The Journal of Libertarian Studies

Home | Mises Library | Ambivalence, Ambiguity, and Contradiction Garrisonian Abolitionists and Nonviolence

Ambivalence, Ambiguity, and Contradiction Garrisonian Abolitionists and Nonviolence

  • The Journal of Libertarian Studies
0 Views

Tags U.S. HistoryInterventionismOther Schools of ThoughtPolitical Theory

07/30/2014Richard O. CurryLawrence B. Goodheart

Historian Alice Felt Tyler once used the expression "Freedom's Ferment" to characterize the antebellum period in American history.' It was an apt phrase referring to the multitude of reform movements, religious enthusiasms, and social experiments which transformed American culture in fundamentally important ways. The modem abolitionist movement emerged out of this cauldron of ferment — a movement which called for immediate repentance from the sin of slavery, and denounced the South's peculiar institution in thunderous, vituperative terms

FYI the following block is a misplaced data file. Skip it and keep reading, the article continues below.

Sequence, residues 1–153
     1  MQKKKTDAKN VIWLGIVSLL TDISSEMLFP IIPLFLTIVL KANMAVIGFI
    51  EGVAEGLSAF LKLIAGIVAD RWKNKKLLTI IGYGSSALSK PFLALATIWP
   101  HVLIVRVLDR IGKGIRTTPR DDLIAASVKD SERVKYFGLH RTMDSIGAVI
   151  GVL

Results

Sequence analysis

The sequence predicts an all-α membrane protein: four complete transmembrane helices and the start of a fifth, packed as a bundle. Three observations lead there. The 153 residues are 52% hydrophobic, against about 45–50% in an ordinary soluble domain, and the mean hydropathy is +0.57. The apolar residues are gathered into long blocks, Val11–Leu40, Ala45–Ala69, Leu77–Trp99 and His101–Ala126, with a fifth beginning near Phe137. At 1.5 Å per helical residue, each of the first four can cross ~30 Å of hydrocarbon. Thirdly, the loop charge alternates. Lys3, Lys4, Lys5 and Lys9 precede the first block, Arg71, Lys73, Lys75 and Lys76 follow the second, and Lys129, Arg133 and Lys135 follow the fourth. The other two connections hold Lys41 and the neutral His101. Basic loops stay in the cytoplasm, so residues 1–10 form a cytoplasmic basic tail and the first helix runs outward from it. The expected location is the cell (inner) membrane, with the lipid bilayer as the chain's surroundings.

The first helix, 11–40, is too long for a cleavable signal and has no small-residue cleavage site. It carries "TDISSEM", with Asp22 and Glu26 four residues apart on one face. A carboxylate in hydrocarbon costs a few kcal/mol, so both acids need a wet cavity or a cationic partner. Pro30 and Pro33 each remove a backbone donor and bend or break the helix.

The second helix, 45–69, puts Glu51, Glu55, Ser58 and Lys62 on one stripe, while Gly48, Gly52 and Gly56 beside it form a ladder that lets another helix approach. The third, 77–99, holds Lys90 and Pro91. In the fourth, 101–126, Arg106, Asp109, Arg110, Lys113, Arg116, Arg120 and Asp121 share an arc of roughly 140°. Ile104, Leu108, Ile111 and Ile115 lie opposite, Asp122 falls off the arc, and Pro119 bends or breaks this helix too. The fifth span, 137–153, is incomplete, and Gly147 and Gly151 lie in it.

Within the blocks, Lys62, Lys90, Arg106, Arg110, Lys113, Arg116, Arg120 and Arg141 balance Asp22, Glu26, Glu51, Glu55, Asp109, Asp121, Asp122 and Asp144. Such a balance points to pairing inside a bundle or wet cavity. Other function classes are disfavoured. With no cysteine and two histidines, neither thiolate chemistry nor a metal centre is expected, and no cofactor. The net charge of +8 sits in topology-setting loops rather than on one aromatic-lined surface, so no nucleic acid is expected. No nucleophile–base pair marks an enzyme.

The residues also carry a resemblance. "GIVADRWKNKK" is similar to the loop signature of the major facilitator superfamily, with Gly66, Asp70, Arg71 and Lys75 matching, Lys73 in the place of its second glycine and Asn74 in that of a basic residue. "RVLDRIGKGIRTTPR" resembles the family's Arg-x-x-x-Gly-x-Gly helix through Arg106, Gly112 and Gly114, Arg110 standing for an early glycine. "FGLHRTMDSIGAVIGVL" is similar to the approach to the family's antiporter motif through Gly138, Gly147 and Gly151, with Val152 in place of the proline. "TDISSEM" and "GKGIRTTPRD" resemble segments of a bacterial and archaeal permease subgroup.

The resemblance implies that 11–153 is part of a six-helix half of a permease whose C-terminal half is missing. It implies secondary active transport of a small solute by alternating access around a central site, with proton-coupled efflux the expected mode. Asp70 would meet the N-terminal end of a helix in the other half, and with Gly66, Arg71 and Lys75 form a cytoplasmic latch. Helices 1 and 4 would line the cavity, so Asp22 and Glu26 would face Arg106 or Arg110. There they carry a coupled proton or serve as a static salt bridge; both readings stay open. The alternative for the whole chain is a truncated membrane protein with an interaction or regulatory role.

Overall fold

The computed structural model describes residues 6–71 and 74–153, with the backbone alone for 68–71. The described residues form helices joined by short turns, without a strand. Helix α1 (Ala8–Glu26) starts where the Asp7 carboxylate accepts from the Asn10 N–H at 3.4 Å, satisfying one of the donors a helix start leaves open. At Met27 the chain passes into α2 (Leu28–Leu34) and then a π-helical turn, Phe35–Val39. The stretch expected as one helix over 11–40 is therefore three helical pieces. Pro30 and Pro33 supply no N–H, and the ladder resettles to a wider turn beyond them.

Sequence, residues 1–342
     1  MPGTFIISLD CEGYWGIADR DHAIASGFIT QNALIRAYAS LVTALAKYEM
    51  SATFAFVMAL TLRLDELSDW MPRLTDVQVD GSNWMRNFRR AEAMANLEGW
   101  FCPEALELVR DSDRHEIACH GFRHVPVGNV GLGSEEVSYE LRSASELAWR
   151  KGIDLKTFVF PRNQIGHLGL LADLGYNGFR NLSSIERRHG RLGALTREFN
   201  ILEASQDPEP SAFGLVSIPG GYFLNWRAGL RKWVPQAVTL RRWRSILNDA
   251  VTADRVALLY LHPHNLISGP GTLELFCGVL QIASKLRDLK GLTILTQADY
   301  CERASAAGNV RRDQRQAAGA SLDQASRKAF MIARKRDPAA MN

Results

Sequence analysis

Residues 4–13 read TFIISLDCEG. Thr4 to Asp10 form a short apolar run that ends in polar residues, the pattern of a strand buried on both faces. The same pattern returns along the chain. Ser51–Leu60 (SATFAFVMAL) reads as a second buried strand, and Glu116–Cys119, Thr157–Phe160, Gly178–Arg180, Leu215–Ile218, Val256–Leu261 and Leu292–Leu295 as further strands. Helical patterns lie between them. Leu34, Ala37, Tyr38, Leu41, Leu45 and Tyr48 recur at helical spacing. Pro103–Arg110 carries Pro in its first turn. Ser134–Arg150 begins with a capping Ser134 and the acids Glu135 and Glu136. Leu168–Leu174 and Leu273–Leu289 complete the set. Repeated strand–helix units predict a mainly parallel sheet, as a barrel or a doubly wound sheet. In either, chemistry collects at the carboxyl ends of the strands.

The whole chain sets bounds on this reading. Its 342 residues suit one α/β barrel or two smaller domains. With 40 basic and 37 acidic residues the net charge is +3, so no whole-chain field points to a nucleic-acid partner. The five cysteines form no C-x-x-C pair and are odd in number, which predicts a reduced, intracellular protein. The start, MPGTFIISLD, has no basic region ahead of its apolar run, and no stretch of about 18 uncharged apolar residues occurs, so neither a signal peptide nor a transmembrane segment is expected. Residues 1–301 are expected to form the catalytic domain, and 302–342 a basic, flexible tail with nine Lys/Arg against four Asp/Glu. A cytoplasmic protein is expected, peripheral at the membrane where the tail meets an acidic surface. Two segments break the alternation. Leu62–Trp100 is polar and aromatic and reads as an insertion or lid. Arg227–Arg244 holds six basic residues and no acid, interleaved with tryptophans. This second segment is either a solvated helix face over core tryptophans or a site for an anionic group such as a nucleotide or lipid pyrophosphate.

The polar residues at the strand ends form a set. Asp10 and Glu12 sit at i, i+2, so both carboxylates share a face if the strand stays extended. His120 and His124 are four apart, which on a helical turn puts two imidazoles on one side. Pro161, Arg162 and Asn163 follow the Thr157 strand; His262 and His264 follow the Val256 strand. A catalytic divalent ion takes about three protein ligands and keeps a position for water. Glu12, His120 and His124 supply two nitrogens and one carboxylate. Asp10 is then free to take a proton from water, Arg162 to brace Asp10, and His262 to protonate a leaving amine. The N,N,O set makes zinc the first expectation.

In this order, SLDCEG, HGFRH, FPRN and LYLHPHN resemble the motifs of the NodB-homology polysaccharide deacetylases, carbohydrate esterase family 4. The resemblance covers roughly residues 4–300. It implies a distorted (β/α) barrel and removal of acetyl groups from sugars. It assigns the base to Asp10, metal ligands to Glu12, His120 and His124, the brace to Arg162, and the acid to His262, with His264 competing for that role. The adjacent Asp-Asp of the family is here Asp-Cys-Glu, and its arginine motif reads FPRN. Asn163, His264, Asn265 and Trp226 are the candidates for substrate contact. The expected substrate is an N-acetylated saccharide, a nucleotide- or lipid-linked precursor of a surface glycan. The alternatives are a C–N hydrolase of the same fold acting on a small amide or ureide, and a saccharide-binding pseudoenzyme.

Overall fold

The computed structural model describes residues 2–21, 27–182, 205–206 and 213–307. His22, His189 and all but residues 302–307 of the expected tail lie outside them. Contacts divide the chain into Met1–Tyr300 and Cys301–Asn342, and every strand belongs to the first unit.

Volume 6, Number 3 (1982)

Cite This Article

Curry, Richard O., and Lawrence B. Goodheart. "Ambivalence, Ambiguity, and Contradiction Garrisonian Abolitionists and Nonviolence." Journal of Libertarian Studies 6, No. 3 (1982): 217–226.

Shield icon interview